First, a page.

Oral Bench Ruling Was Final Decision That Triggered Running of Time to Appeal, Holds Fifth Circuit

In Ueckert v. Guerra, No. 22-40263 (5th Cir. June 27, 2022), the Fifth Circuit dismissed as untimely an appeal filed 412 days after a verbal bench order was entered on the docket.

“There is at least one exception to the maxim ‘no news is good news.’ When a lawyer has an outstanding motion but hasn’t heard from the court for a long time, prudence would advise double-checking to make sure the motion is still pending. No news may mean that the court already ruled on the motion, and the time to appeal is ticking away.”

Appellant Guerra was an individual governmental official seeking to appeal the denial of qualified immunity in a First Amendment 42 U.S.C. § 1983 retaliation action. “The district court held a hearing on the motion on March 2, 2021. During that hearing, Judge Hinojosa denied Guerra’s motion from the bench. A minute entry memorializing the district court’s oral order was entered on the docket on March 4, 2021, but no written order or other document was attached.” The appellant finally filed a notice of appeal on April 20, 2022, as the case was going to trial.

The Fifth Circuit dismisses. It begins by rejecting the appellant’s suggestion that an oral ruling wasn’t appealable under 28 U.S.C. § 1291. “While courts today generally rule through written orders and judgments, they may choose to rule from the bench. In England, ruling from the bench ‘ex tempore,’ or right after oral arguments, was the primary way courts conducted business . . . . Written opinions have become the norm [today] even in courts where they are not required, but federal courts at least have not lost their power to rule from the bench.”

The panel notes that the Fifth Circuit and other courts have heard appeals from oral rulings, even specifically from denials of qualified immunity. “The form of the ruling is immaterial. What matters for § 1291 purposes is whether the court’s ruling was a ‘final judgment.’” In this case, the oral ruling had all the indicia of finality.

“[T]he district court regarded its oral ruling as final. The parties both characterize the court’s oral statement as having ruled on Guerra’s motion from the bench, not merely a prediction about how the court would rule sometime in the future. The minute entry memorializing the court’s oral ruling used similarly definite language: It ‘denied . . . Defendant Juan G. Guerra[’s] Motion for Summary Judgment as stated on the record.’ And the fact that the court never issued a written memorandum or opinion erased any doubt that it intended its first word to be its last.”

The panel holds that the appeal was not rescued by the lack of a “separate order” under Fed. R. Civ. P. 58. Appellant “is right that the district court’s oral ruling did not comply with Rule 58’s requirement that every ‘judgment’ be set out in a separate order. While most people think of a judgment as the order that marks the effective conclusion of a case, Rule 54 defines ‘judgment’ as ‘any order from which an appeal lies.’ As a result, Rule 58 also applies to interlocutory orders appealable under the collateral order doctrine.” But Fed. R. App. P. 4(a)(7)(B) provides that “[a] failure to set forth a judgment or order on a separate document when required by Federal Rule of Civil Procedure 58(a) does not affect the validity of an appeal from that order of judgment.”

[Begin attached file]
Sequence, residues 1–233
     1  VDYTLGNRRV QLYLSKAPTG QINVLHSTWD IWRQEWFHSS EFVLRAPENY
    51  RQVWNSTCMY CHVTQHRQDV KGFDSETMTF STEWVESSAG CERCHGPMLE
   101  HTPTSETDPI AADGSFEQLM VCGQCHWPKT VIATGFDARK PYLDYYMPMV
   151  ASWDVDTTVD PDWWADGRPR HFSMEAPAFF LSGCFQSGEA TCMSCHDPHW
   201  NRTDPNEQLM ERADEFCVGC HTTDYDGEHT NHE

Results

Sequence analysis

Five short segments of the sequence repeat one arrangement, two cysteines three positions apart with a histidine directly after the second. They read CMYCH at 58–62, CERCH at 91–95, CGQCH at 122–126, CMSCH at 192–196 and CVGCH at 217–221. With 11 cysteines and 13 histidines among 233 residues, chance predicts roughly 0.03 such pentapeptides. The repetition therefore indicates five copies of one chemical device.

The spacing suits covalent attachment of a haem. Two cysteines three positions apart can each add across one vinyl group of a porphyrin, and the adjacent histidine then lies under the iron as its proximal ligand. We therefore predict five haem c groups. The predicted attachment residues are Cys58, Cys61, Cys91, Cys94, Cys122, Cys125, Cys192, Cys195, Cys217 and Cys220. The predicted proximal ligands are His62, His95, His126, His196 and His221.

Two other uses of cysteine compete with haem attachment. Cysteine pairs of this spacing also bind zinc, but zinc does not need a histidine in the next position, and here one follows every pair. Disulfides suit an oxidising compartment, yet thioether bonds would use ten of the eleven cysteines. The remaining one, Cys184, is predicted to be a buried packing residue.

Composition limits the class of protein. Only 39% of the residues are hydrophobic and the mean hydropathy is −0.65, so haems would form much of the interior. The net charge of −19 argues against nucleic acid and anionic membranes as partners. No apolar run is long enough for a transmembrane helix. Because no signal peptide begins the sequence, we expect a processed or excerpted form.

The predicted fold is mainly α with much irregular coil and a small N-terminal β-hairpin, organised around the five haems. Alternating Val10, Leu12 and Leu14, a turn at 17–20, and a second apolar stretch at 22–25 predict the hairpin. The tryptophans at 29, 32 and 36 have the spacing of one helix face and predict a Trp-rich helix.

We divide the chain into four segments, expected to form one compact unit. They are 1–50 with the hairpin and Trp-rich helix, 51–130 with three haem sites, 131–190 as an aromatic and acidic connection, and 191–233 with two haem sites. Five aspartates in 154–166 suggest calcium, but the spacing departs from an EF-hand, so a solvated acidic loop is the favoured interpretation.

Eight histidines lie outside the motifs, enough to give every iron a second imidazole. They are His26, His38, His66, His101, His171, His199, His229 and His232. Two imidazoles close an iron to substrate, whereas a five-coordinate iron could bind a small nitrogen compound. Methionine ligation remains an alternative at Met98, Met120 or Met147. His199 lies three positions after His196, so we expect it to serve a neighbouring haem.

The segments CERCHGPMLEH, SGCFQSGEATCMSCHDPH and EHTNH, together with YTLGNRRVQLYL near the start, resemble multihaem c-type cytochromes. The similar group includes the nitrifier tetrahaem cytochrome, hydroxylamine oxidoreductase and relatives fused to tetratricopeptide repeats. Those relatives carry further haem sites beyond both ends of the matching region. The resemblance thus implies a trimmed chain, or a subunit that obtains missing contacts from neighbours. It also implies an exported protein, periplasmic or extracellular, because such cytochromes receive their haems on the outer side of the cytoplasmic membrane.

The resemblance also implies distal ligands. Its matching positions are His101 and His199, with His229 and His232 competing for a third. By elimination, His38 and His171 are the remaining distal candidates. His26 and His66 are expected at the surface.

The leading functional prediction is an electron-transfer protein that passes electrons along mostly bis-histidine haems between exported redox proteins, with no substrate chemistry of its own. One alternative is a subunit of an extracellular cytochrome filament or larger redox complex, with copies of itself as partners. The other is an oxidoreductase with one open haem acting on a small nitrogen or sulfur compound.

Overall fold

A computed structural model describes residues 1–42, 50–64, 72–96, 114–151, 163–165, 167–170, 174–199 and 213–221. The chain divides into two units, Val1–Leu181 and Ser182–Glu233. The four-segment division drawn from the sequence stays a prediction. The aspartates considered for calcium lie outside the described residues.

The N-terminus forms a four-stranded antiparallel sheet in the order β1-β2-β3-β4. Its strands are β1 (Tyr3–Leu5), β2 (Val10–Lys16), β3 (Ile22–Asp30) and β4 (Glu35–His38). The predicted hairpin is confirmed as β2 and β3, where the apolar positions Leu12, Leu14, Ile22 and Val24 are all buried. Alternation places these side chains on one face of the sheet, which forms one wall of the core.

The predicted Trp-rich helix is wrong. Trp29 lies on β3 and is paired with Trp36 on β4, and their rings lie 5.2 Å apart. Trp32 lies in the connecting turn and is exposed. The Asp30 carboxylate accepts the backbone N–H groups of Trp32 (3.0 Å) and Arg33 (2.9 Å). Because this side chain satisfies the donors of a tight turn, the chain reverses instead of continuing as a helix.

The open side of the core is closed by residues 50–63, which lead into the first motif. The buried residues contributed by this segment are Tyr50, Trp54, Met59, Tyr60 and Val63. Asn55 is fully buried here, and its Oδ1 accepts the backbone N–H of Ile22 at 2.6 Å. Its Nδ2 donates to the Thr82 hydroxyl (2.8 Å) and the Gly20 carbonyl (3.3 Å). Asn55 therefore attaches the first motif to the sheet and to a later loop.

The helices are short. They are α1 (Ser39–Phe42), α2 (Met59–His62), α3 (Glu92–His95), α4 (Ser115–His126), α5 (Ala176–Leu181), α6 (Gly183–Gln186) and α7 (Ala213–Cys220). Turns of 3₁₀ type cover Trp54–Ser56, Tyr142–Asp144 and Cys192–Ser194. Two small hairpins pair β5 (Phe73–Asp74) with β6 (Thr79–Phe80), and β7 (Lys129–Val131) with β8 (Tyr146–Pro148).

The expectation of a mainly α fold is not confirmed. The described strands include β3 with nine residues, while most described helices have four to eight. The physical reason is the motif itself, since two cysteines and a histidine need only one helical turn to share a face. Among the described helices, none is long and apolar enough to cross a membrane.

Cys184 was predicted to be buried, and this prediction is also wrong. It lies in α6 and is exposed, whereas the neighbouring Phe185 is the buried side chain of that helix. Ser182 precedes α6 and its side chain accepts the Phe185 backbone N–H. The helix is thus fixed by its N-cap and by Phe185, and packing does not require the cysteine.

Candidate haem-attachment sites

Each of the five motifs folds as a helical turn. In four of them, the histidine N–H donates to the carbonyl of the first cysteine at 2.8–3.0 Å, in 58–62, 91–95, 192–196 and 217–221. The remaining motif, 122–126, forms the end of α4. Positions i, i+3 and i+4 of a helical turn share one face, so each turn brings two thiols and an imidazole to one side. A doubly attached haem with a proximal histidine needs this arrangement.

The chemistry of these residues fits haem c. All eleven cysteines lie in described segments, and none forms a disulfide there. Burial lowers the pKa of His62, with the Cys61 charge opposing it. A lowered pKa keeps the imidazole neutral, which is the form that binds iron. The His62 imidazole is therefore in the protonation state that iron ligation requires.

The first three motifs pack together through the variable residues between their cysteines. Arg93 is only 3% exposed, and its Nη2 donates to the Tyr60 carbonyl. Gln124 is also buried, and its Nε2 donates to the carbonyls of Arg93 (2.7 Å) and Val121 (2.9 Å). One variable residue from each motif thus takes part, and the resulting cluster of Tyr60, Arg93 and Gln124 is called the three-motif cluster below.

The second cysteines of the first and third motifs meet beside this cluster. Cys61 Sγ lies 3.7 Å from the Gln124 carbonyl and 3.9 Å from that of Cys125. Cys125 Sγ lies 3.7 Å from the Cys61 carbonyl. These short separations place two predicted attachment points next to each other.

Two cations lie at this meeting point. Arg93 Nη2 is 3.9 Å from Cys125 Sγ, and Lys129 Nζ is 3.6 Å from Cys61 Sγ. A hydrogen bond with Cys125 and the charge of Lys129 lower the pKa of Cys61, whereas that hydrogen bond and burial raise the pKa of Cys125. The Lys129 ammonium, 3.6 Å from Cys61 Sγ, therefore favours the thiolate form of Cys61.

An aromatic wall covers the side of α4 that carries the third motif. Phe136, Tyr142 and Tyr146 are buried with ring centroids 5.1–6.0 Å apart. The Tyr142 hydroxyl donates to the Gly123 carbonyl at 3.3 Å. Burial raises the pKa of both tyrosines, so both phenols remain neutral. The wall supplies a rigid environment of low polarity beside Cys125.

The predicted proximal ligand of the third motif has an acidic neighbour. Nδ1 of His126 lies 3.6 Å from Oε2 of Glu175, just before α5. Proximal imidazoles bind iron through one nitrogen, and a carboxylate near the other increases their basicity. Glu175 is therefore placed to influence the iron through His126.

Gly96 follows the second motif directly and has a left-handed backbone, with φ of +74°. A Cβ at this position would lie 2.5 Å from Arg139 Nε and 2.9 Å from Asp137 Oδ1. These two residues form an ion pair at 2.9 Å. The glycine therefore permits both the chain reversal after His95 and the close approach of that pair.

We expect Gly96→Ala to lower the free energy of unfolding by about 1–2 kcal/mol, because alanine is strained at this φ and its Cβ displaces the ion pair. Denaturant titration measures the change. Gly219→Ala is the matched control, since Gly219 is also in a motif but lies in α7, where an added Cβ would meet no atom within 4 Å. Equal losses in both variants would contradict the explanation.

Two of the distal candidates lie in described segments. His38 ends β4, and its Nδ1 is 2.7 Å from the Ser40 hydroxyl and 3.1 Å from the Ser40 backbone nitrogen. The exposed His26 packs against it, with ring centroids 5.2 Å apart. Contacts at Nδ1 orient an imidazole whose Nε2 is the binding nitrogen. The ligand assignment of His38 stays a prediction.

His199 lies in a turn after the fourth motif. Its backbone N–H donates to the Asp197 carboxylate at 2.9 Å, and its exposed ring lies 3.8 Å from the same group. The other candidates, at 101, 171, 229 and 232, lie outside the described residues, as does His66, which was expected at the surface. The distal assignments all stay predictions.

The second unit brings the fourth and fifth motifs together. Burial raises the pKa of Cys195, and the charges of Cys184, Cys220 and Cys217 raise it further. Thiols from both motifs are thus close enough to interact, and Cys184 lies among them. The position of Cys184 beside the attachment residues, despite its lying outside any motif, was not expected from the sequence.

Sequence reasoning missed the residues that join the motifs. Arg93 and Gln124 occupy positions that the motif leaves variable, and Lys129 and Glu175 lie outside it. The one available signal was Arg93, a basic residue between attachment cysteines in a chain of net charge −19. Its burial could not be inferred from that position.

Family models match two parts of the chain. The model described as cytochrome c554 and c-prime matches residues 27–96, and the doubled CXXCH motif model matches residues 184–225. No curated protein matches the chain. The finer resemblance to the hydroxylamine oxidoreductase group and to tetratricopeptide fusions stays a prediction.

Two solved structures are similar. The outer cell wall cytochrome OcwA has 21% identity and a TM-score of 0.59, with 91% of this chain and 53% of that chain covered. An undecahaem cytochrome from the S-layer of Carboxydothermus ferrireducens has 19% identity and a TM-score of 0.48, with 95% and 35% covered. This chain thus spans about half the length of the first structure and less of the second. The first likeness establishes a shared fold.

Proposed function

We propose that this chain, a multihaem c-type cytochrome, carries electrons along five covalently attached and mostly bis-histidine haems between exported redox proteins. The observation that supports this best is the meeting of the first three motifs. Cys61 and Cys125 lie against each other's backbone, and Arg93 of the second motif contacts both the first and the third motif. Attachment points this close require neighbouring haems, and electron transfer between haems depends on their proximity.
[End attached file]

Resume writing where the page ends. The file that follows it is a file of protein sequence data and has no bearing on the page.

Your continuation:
The requirement for a separate order can be waived under Rule 4, but more critically, Fed. R. App. P. 4(a)(7)(A)(ii) effectively sets “a 180-day window to file a notice of appeal if the district court neglected to enter the judgment in a separate document,” and “Guerra’s notice of appeal was filed well outside of even this generous 180-day window.” That rule provides that even if a judgment is not entered on a separate document, judgment is deemed entered 150 days after the “entry of the judgment or order in the civil docket.” The litigant, then, obviously has some duty of inquiry. “While it is not uncommon for a month or two to pass without hearing from the court, ‘150 days of inactivity . . . clearly signals to litigants that the court is done.’”

The appellant finally argued that Fed. R. App. P. 4(a)(7)(A)(ii) requires that “the judgment or order [be] entered in the civil docket under Federal Rule of Civil Procedure 79(a)” and that an oral ruling cannot satisfy Rule 79(a) “because there was no ‘copy’ of the court’s order, and that as a result Rule 4(a)’s 30-day window to appeal was never triggered.” But the panel holds this is a misreading of the rule: “[t]he copy requirement Guerra refers to appears in Rule 79(b),” and thus is not incorporated into Rule 4.

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